Former Prime Minister Iveta Radičová explains: “The transition from oppression to freedom works by its own laws. People go from being generally enthusiastic to having doubts about new rules and new laws being created. A certain level of cohesion is regained, but also a sort of nostalgia for the old regime, which offered no freedom but at least provided certainty that you would have enough to eat.”
A survey carried out by the Czech Public Opinion Research Centre (CVVM) in March 2014 revealed that 29% of Czechs and 33% of Slovakians believe that the fall of communism was not a positive change.
A number of papers, such as the Czech daily newspaper Mladá Fronta Dnes and the Slovakian newspaper Nový Čas, are inviting readers to send in their photos that remind them of socalism. Some readers have fond memories of their younger years spent under the socialist regime – long queues outside groceries, the specific fashions of that period, the way that apartments tended to be decorated or even cars like the Škoda 1000 MB.
The hope that people will wise up
According to sociologist Oľga Gyarfášová, it is the social sphere that has the most limits for many people – not only in terms of people’s careers and living standards but also their ability to influence political decision-making in any way or their equality in the eyes of the law.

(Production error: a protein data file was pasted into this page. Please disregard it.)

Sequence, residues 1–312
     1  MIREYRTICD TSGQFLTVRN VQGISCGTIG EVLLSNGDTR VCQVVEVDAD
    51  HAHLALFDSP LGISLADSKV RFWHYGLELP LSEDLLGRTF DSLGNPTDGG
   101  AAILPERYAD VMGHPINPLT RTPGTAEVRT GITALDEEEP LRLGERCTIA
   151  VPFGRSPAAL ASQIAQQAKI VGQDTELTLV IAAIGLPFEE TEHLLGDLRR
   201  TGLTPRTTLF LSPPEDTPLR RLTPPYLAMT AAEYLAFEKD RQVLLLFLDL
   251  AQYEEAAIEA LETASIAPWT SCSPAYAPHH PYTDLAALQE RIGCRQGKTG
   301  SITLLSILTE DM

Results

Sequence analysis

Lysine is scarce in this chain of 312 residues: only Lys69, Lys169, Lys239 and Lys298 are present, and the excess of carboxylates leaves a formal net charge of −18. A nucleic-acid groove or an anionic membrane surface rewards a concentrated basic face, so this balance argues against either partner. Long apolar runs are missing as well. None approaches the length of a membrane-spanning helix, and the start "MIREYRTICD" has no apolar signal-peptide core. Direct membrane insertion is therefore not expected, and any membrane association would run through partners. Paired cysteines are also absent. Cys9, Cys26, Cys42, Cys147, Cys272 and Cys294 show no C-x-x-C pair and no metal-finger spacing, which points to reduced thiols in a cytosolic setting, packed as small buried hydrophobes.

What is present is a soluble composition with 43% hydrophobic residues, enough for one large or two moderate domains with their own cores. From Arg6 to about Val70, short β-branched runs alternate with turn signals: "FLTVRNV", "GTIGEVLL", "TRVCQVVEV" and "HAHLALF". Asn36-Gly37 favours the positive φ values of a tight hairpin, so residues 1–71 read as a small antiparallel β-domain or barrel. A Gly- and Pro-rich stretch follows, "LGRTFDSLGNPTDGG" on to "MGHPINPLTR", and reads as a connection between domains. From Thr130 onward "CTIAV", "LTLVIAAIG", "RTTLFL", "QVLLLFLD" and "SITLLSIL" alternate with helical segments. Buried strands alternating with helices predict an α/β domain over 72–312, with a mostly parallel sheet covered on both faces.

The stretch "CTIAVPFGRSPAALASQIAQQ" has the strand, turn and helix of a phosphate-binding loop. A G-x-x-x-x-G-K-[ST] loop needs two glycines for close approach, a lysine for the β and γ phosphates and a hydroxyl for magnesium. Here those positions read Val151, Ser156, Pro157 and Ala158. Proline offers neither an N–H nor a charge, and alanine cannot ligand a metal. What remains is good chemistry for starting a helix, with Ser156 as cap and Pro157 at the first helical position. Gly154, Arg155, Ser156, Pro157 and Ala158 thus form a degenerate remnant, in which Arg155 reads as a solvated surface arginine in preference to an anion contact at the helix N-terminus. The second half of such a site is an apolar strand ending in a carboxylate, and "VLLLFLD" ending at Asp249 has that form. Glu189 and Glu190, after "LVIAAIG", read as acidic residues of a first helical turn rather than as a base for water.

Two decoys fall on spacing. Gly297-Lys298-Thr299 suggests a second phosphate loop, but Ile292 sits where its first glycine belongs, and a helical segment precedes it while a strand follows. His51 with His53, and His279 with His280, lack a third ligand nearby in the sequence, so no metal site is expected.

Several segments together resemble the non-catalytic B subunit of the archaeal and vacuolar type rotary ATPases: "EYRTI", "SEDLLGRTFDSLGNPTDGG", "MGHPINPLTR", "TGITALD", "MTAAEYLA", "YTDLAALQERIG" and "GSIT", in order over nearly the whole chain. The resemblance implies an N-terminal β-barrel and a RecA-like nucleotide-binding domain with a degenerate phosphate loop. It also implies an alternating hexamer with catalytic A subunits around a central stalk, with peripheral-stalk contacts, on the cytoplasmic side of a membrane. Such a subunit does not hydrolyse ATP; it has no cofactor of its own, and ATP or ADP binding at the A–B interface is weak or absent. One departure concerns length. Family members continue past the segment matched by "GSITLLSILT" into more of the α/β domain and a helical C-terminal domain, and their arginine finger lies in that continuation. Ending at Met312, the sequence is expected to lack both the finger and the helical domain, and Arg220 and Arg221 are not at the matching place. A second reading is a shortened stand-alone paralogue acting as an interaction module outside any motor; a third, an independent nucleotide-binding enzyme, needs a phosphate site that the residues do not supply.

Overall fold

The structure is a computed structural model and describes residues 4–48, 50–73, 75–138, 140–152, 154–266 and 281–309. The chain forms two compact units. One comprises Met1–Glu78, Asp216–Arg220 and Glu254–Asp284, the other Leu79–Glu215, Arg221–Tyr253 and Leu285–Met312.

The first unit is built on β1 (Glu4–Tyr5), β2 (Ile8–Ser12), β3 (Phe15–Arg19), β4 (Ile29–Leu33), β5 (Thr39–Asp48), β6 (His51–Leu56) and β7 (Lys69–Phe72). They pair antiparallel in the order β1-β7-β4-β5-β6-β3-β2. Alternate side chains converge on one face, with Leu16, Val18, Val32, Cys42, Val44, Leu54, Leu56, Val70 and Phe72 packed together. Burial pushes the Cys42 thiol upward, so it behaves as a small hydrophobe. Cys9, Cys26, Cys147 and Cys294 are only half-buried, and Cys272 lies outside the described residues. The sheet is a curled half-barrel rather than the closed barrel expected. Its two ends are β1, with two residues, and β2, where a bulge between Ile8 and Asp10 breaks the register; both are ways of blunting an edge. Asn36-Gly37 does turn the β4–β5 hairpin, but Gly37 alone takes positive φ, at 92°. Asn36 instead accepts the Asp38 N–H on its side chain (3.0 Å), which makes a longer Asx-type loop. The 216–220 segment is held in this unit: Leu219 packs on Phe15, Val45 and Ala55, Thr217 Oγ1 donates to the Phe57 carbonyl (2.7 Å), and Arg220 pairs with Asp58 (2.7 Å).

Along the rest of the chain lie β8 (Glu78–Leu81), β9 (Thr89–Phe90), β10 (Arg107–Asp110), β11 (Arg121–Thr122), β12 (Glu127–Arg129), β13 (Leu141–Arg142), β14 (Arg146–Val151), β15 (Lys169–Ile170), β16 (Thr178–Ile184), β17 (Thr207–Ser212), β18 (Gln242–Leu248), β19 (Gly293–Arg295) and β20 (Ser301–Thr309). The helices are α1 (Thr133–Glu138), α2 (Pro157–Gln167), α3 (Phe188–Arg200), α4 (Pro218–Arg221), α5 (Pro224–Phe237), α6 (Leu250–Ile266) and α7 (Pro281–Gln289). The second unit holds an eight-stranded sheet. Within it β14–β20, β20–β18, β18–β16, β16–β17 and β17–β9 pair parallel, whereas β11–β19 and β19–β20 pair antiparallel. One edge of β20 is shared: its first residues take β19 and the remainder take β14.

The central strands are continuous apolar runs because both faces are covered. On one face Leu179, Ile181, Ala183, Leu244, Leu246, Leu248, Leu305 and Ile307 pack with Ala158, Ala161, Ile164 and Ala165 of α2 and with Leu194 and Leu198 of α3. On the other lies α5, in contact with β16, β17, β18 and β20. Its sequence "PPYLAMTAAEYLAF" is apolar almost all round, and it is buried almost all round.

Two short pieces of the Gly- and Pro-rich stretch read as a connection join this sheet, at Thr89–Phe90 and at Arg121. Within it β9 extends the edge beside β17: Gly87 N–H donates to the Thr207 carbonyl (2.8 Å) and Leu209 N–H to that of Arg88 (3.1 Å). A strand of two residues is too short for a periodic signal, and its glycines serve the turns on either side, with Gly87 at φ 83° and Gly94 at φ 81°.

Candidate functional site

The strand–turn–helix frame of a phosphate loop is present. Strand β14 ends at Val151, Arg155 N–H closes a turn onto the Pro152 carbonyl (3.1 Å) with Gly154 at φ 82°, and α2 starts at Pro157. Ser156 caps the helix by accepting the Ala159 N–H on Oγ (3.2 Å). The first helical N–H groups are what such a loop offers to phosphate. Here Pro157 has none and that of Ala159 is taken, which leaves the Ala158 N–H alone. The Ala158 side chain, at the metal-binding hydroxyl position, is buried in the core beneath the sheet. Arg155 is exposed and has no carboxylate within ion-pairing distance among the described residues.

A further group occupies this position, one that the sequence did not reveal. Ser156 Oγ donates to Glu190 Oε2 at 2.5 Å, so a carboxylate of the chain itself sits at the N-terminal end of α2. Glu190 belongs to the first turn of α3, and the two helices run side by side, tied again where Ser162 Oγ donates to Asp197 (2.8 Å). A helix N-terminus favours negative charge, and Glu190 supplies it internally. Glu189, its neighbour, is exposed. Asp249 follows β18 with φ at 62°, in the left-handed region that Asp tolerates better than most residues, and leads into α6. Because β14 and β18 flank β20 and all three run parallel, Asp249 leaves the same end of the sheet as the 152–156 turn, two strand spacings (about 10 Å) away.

However, everyone has the opportunity to study and work abroad today. Everyone has freedom of speech or religion. “But some rights and freedoms are now taken for granted,” warns Gyarfášová.
Peter Krištúfek, author of the book Atlas of Forgetting, says: “The hope that Slovakia would become a ‘cultural paradise’ after the democratic change or that people would suddently become wiser and we would all have equal opportunities was never really fulfilled.”
In 1989, the aim was to create a free and democratic society with new rules. Slovakia’s gamble paid off. It became a member of the EU and NATO, adopted the euro in 2009, and can even boast stable finances and reasonable economic growth.
The vestiges of communism remain
The most obvious reminder of the communist era is the architecture than can be found in a large part of the country – terrifying buildings in grey concrete. But the low wages, particularly slow rail network and ineffective social policies also serve as reminders.
Furthermore, the Slovakian political elite remains close to the old regime. Prime Minister Robert Fico entered the Communist Party in 1986, just before the fall of the regime, when he was an ambitious law student.
The media mock the “RSDRr” academic title that some local politicans proudly use before their surnames, because it was a title reserved for committed communists under the regime. However, certain senior politicians – such as Fico’s adviser, former MP Vladimír Faič – still use the title without any shame.
Historian Dušan Kováč explains: “It’s seen as a ridiculous title today. I’d be surprised if someone still used it on their CV. But that wasn’t the only problem for universities under the communist regime. All qualifications – even the title of ‘doctor’ – were only granted on the basis of political ‘merits’.”